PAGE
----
What do you do when healthy sexual intimacy in your marriage takes a dive because of an unexpected crisis? Asking for a friend.
Okay, not asking for a friend.
I’m describing my life right now, so I figured it would be a good topic to tackle. For the past several months, my husband and I have been dealing with two extended family situations that are beyond draining. Fortunately, one of those has drifted to the peripheral and is barely sapping an ounce of our attention. Thank God. But the other situation? So draining.
I cannot even describe how exasperating it has been. And I can’t really go into the details of it either, so you’re just going to have to take my word on this. It has brought major upheaval into our lives.
And our sexual intimacy has suffered big time.
Not only do we not have the physical or time reserve to devote much to connecting sexually, I am not overly confident we have much emotional reserve either. With each passing day, we grow less and less inspired to resuscitate that aspect of our marriage.
Maybe you can relate. Something has jarred your otherwise healthy sexual oneness and there’s little you can do about it.
Could be a health or behavior crisis with one your kids. Maybe it’s your own health crisis. Or maybe it’s an extended family member expecting something from you, and you’re trying to help, but the boundaries have become blurry. Possibly it’s a work demand that entails you or your spouse or both of you putting in long exasperating hours. Or maybe it’s a big project, like a home build or renovation, and your mind is going in a million different directions. Ot it could be a financial crisis that has become almost unmanageable.
There are countless scenarios that can shatter a married couple’s sexual intimacy.
As of late, I’ve wanted to just run away. Or sleep for 18 hours a day. Or lock myself in my home office. But alas, I’m a grown-up. I’m a wife. I’m a mom. I’m a responsible adult. I can’t do any of those things, because it would mean seriously bailing. And I’m not one to bail. I’m actually quite good in a crisis.
So the tips I would offer you are the ones I have recently mustered the strength to offer myself:
1. Lean on God
The Lord is my go-to right now—the One I know without a doubt I can rely on. In no way do I want to downplay the role of my friends, because they’ve been remarkable, too. Such an encouraging and steadfast group of friends I have. But what I have discovered is that even if they aren’t sick of hearing about my situation, I’m kind of sick of talking about it.
But not to God. The more I talk to Him about it, the more I feel His presence. He gets that this place my husband and I are in is super hard. It kind of took me awhile to lean on God more with what we are facing, but I am grateful I decided to keep pressing in.
Throughout the strains of the day, I ask Him to stick close and help me. He has been faithful, even if I don’t always know what to pray and even if my circumstances have yet to change. If you are in a hard place that is wreaking havoc on the intimate connection you and your spouse typically enjoy, I encourage you to lean more on God.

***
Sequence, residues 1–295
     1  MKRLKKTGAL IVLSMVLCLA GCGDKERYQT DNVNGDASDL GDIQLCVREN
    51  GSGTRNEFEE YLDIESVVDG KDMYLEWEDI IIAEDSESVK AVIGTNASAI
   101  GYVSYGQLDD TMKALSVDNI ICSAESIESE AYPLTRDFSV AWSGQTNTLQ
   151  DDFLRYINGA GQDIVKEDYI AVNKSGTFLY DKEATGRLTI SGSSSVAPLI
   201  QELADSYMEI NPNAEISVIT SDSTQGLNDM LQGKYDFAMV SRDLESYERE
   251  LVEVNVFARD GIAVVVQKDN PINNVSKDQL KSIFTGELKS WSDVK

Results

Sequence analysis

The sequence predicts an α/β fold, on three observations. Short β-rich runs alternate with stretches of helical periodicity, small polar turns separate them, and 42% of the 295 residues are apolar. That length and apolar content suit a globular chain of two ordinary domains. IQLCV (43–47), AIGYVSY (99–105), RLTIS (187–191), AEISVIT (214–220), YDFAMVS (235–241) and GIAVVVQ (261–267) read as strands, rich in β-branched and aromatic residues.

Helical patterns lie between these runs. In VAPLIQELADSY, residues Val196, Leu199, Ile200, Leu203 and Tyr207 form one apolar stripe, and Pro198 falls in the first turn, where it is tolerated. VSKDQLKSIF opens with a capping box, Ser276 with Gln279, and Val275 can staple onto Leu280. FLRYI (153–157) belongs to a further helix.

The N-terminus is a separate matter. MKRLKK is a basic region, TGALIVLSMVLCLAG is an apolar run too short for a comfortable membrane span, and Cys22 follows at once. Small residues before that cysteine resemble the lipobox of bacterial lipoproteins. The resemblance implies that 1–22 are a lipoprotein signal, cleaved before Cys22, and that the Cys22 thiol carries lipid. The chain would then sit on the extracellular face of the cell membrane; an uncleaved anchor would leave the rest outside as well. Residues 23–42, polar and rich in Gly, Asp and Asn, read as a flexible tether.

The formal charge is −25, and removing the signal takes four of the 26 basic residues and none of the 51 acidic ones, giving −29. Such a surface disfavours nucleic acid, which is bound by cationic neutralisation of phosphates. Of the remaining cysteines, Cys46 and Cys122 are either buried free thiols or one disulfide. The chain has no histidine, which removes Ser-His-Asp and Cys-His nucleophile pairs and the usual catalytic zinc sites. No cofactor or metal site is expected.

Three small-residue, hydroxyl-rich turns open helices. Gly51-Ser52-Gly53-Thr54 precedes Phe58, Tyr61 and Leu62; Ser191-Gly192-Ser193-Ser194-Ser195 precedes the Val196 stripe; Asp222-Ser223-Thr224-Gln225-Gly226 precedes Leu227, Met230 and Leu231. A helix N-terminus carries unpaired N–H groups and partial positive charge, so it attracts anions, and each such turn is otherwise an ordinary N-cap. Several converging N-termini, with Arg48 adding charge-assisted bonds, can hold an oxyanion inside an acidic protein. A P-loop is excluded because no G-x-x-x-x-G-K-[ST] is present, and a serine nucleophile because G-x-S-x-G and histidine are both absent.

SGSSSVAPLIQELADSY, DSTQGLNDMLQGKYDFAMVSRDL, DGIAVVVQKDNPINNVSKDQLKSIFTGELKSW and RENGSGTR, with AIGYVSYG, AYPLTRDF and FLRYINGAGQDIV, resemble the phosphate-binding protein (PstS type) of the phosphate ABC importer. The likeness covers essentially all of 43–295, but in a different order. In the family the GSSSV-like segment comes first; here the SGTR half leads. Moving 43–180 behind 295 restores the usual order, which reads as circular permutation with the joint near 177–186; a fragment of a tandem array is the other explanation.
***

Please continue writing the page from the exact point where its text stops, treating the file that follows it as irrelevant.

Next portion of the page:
2. Take the long view
I don’t know about your strenuous challenge that is killing your sexual intimacy, but I am fairly certain ours will not go on for years. It may go on for months, though. Lots of married couples can relate to what it is like to have a temporary burden or inconvenience dropped in the middle of their otherwise functioning marriage.
So there’s something to be said for taking a long view and trusting whatever this struggle is at the moment, it is not going to take up permanent residence in your life. At least that’s my hope for you—that this challenge eventually will subside. Try to take the long view.
3. Be content with small affections
Try as best as you can as husband and wife to still offer up small affections. Grand sexual gestures probably will be few and far between, so small affections will have to suffice. My husband and I hugged the other day. That was nice.
If you can find the energy and desire to make love, then do that too, even if it is not as frequent as you would prefer. We did make love recently, but it had been a long while. And I suspect a lot of time could pass before we get to have sex again.
So until then, I’m striving to be content with small affections… to appreciate them as tiny little compartments, rather than draping on them a bunch of hopes and expectations, as if they are signs of passionate sex up ahead. I don’t think they are signs. But nonetheless, small affections have value in crisis.
So there you have it… three ways to brave the storm when your otherwise healthy sexual intimacy takes a dive because of crisis. What other insights would you offer?
And I have a 5 video series available on building better sex in your marriage. Great way to invest in your marriage! You can find out all about it at this link: Better Sex in Your Christian Marriage.
Copyright 2020, Julie Sibert. Intimacy in Marriage Blog. Links may be monetized.